In 1922, the country boy Harold says goodbye to his mother and his girlfriend Mildred in the train station and leaves Great Bend expecting to be successful in the big city. Harold promises to Mildred to get married with her as soon as he "make good". Harold shares a room with his friend "Limpy" Bill and he finally gets a job as salesman in the De Vore Department Store. However, he pawns Bill's phonograph, buys a lavaliere and writes to Mildred telling that he is a manager of De Vore. One day, Harold sees an old friend from Great Bend that is a policeman and when he meets his friend Bill, he asks Bill to push the policeman over him and make him fall down. However Bill pushes the wrong policeman that chases him, but he escapes climbing up a building. Out of the blue, Mildred is convinced by her mother to visit Harold without previous notice and he pretends to be the manager of De Vore. When Harold overhears the general manager telling that he would give one thousand dollars to to anyone... Written by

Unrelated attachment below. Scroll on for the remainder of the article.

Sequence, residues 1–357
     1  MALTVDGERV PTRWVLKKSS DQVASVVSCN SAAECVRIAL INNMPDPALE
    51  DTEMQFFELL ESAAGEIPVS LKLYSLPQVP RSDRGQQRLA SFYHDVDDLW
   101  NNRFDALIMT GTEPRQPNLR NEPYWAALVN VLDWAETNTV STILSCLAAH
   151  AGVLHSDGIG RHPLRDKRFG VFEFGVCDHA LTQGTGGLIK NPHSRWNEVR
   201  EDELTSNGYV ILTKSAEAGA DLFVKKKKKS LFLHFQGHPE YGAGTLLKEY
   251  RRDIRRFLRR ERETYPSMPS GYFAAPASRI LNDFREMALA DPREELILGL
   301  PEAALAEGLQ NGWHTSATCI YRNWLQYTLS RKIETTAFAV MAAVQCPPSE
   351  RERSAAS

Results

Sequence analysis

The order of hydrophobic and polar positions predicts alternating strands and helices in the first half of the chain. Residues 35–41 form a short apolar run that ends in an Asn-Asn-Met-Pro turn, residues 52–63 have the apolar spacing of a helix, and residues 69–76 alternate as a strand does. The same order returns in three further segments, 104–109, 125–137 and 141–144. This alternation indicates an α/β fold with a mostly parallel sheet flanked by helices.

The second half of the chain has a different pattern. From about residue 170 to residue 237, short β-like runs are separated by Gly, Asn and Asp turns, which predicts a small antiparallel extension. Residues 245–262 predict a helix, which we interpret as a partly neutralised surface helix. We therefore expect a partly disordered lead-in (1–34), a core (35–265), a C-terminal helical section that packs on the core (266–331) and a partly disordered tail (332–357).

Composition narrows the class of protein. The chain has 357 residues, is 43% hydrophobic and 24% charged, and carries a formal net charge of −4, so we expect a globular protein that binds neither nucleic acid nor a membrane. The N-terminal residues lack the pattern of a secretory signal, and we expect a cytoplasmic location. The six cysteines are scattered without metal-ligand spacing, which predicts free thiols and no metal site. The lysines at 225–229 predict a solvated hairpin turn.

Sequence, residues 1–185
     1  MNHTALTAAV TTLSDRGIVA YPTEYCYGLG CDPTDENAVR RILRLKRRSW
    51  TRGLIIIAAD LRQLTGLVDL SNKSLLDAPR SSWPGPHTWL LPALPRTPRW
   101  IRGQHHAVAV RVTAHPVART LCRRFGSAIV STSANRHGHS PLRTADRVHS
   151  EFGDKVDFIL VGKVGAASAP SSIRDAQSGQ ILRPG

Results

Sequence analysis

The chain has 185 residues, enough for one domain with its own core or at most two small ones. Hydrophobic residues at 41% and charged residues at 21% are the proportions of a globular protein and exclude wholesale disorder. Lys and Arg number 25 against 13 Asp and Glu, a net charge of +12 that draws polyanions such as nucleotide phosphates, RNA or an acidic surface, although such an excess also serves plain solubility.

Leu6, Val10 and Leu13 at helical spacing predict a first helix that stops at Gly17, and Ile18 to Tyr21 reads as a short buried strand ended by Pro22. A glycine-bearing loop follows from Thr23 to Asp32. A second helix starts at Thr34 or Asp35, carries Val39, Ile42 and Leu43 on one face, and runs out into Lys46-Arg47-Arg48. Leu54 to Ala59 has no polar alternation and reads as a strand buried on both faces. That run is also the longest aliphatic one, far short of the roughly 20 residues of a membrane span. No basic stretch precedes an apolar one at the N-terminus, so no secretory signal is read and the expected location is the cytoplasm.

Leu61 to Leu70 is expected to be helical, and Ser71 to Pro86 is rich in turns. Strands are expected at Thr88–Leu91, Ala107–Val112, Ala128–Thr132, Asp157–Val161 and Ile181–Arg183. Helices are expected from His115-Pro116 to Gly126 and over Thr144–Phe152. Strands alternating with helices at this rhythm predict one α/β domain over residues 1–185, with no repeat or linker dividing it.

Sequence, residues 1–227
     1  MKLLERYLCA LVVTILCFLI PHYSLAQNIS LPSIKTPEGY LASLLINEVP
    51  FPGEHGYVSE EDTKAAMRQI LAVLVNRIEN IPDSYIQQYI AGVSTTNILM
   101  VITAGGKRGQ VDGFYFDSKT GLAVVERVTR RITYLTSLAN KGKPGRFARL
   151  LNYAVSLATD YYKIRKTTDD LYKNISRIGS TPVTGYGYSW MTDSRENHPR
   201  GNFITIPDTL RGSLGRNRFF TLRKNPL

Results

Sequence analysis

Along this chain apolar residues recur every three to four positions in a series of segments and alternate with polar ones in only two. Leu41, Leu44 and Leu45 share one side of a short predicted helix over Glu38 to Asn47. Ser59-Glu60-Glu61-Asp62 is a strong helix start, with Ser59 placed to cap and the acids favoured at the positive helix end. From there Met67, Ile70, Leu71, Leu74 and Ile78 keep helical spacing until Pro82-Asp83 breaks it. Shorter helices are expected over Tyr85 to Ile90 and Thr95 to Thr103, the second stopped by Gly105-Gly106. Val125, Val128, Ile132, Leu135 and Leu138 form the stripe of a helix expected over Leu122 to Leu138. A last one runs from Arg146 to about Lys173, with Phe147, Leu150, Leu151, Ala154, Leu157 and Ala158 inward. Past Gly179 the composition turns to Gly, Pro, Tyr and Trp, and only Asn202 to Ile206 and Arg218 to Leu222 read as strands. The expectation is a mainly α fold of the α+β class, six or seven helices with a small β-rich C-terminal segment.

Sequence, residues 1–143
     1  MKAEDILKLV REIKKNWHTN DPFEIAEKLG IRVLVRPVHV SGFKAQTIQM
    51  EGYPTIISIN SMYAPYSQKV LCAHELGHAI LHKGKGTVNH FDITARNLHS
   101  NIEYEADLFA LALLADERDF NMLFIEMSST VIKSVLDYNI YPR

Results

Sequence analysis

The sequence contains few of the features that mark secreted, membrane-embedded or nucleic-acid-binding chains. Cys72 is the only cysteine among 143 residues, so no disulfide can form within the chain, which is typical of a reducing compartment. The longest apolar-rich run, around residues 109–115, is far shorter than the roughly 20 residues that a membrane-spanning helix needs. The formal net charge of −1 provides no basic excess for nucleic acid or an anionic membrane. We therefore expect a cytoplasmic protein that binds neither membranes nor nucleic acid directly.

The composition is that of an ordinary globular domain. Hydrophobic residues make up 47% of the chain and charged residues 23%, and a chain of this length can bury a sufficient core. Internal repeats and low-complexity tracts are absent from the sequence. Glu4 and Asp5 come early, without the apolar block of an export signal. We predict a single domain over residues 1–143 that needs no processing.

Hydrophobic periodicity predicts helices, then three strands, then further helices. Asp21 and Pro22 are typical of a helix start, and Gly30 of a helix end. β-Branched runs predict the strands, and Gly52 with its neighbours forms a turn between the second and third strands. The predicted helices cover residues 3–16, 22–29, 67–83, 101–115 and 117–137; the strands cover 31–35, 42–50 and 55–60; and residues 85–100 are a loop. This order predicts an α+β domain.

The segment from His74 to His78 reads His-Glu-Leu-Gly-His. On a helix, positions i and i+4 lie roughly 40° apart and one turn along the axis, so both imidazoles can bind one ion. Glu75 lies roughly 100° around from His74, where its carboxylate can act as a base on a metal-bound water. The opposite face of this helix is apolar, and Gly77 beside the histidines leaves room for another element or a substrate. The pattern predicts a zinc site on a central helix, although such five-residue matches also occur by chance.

Claudio Carvalho, Rio de Janeiro, Brazil
Did You Know?
Premiere ranked this movie as number one on its "The 50 Greatest Comedies Of All Time" list in 2006. (It should be noted that this list was ranked chronologically, so this movie's number one ranking only reflects that it is the oldest movie on the list.) See more
When "the boy" receives his paycheck from the store employee, he opens it to see his pay stub, and on it is the name "Harold Lloyd
" which is the name of the actor, but is not supposed to be the name of the character. The character, as in most of his films, is only supposed to be known as "the boy". It is the only incident in Harold Lloyd's entire film career in which he plays a character using his true name. The scene was edited in without Lloyds knowledge, and didn't become aware of it until the movie was complete. See more
Referenced in Cinéman